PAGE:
Children these days know technology like no other. Just give a toddler a phone or tablet and, somehow, they know how to work their way around it effortlessly. This has its pros and cons, and that’s another article altogether!
The question is, however, should we buy children Kindles, iPads and other tablets?
All for it
Like anything, if used wisely tablets can be very advantageous. There are a plethora of apps for iPads and Android apps that can reinforce learning. If your child is struggling with reading or maths, for example, they can benefit (and enjoy) reading apps and apps for maths (at the different key stages) that will help them improve no end.
Kindles, Nooks and Kobo e-readers (available from WH Smith) are built for reading. You can buy a plethora of books for your child and know that they want be distracted by games and the internet on these e-readers the way they can be on a tablet.
Geek School, a maths and English tutoring service fully support the use of e-readers and tablets in this way: “The likes of Kobos and Kindles can be great for children in year 2 and above, who are more established and confident readers. They have the benefit of an inbuilt dictionary, which children can use by tapping on an unfamiliar word and getting the meaning instantly. This is a great way for children to expand their vocabulary and improve their reading skills. ”
If only tablets only had educational apps, there would be no issue with children using them. But if you’re a parent in the know, you’ll have seen that gaming apps dominate many family iPads.
“Without sounding like a party pooper, it’s important to know that these apps can draw children in so much to the point of addiction,” says Geek School’s founder – our very own Joycellyn Akuffo.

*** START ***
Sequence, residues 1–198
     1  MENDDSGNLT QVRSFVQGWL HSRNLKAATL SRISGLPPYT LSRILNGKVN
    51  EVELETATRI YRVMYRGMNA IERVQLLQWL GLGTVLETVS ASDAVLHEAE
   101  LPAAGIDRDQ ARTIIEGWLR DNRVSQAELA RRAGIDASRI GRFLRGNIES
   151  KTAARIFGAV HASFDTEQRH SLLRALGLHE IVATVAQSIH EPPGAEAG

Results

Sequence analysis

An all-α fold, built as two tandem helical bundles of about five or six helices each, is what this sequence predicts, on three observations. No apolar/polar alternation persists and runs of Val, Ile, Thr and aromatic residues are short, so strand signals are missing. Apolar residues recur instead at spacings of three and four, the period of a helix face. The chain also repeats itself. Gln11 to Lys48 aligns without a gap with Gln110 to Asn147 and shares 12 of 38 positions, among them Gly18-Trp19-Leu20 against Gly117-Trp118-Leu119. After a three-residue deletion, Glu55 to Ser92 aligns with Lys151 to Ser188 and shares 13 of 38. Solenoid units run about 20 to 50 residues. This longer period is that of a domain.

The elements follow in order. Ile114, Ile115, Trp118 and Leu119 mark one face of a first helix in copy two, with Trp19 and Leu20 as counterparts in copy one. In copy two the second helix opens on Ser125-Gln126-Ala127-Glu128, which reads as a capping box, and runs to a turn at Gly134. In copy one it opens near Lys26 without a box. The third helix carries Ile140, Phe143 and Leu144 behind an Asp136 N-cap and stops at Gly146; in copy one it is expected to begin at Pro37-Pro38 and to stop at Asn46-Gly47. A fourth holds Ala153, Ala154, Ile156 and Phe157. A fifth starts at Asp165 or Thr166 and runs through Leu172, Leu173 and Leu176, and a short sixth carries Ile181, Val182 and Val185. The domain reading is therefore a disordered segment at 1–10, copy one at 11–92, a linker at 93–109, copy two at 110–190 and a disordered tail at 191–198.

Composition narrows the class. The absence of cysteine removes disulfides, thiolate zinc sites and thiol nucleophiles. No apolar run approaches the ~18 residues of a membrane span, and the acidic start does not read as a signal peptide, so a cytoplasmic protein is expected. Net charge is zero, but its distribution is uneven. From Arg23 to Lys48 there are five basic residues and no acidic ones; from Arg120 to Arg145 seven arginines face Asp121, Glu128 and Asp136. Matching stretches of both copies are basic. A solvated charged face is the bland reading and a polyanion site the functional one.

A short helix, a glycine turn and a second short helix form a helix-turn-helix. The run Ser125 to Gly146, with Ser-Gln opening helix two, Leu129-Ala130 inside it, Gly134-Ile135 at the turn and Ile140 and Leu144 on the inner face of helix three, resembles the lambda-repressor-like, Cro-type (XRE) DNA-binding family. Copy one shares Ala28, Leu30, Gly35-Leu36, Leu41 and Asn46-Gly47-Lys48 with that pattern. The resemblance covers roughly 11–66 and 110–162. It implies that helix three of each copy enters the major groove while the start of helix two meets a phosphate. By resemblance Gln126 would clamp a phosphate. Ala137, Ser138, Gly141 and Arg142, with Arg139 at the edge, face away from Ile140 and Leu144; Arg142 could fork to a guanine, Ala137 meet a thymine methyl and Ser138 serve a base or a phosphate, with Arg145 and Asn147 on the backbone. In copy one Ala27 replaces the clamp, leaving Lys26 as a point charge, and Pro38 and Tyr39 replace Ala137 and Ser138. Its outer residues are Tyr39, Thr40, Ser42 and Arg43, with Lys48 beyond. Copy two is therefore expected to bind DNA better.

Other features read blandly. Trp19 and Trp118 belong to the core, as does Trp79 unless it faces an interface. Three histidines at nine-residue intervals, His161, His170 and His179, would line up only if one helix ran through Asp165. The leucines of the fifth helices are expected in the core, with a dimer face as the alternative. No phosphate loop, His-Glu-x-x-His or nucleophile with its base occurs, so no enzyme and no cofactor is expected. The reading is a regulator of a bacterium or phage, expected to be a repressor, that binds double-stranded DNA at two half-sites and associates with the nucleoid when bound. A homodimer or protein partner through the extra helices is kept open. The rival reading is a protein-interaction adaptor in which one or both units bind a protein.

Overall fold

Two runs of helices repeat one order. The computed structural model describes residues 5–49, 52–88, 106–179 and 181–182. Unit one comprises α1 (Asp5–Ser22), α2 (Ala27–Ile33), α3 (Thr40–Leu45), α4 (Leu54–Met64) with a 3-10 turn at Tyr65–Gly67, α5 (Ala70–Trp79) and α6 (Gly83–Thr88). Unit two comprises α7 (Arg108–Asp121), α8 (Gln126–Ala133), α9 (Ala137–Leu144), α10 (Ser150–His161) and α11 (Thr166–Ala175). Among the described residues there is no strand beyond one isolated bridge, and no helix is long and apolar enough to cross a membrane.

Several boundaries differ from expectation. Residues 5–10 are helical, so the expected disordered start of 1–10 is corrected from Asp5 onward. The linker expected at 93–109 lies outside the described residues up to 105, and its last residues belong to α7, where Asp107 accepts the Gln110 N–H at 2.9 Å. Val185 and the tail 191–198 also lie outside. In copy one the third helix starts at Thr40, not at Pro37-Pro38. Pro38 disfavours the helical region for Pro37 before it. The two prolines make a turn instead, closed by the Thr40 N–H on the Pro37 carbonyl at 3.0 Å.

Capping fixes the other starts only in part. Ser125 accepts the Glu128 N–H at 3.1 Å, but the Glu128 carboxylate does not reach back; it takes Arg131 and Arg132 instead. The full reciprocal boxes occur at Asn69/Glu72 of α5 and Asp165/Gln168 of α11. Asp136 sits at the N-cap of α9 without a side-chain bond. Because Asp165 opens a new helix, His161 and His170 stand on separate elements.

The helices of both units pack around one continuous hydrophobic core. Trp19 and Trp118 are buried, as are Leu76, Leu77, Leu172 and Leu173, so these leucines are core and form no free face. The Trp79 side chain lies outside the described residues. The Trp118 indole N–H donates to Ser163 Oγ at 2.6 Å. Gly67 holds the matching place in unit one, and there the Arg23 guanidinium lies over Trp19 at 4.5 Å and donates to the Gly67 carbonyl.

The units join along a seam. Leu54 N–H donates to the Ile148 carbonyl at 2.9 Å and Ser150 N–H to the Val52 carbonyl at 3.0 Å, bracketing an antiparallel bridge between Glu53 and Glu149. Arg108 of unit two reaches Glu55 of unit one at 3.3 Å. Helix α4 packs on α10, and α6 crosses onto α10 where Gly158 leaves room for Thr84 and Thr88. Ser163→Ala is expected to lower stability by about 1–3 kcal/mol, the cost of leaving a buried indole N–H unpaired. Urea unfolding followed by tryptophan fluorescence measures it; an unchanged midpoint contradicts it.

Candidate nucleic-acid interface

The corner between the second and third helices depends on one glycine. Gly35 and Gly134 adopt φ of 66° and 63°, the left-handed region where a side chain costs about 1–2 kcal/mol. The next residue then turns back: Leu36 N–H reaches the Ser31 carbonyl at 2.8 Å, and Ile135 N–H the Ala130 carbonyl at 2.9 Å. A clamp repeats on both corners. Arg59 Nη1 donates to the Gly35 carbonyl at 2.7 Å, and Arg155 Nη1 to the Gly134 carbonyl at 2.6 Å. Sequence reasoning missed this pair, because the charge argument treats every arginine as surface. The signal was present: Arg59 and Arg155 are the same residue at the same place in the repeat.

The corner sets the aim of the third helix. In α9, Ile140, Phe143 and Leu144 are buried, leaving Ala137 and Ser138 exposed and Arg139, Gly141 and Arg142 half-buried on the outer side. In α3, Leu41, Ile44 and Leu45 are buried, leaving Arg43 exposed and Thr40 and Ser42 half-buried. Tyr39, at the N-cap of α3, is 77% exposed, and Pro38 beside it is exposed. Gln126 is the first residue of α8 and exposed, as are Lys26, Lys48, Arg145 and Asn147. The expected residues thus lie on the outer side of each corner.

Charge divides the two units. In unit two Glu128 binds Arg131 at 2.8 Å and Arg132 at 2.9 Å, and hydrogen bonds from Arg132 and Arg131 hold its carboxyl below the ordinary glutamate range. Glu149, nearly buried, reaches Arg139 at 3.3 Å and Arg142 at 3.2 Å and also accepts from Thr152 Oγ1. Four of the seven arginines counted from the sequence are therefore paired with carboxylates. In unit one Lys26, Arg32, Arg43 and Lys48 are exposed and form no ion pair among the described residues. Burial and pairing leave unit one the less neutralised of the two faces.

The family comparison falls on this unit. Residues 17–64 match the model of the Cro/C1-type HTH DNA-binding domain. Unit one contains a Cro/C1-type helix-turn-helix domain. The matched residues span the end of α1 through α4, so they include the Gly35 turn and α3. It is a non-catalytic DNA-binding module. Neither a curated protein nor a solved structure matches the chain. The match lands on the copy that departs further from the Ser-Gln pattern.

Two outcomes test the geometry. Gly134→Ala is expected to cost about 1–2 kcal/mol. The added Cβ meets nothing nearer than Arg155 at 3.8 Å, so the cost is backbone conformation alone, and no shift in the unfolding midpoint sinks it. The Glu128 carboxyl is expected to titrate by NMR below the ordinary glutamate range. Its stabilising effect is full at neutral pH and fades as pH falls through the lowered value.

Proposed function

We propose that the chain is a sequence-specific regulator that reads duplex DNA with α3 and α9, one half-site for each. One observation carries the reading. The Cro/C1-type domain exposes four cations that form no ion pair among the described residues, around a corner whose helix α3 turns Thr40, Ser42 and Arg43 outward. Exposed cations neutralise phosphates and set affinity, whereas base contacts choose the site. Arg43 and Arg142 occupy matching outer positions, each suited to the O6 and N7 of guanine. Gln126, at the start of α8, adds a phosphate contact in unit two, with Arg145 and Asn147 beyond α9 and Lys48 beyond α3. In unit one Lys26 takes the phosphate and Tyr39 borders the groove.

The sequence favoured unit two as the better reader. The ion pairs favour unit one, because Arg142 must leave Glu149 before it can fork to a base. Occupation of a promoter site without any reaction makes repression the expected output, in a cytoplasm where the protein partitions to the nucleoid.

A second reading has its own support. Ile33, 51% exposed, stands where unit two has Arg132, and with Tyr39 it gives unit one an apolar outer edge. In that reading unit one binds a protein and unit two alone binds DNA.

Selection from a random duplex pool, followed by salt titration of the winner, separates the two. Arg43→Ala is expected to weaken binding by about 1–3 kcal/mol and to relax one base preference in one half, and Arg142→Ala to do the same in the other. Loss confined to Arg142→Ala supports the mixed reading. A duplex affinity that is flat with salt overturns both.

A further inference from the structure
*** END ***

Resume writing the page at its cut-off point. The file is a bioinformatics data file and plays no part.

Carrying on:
“Playing the odd game a couple of times a week (ideally at weekends) for no more than half an hour won’t do much harm. But if it’s a struggle to draw your child away from the games then they may be showing signs of addictive behaviour to the games and drastic action is required!”
Excessive use of tablets can have other repercussions. A recent study found that some children who used iPads for extended periods found it difficult to hold a pencil, and therefore write.
IPads are also too expensive a purchase for children. If your sole purpose is to improve reading, you can buy a Kobo Mini from upwards of £30. It’s a good small size that will be easy for your child to hold and handle. An iPad on the other hand costs anything from around £350, so it’s a very expensive ‘toy’. You could always hand down a tablet if you upgrade to a newer model, instead of making an outright purchase for your child.
So it’s clear that Kindles, Nooks iPads and other tablets can be beneficial to your child’s learning and development, when used wisely. The purchasing decision is yours!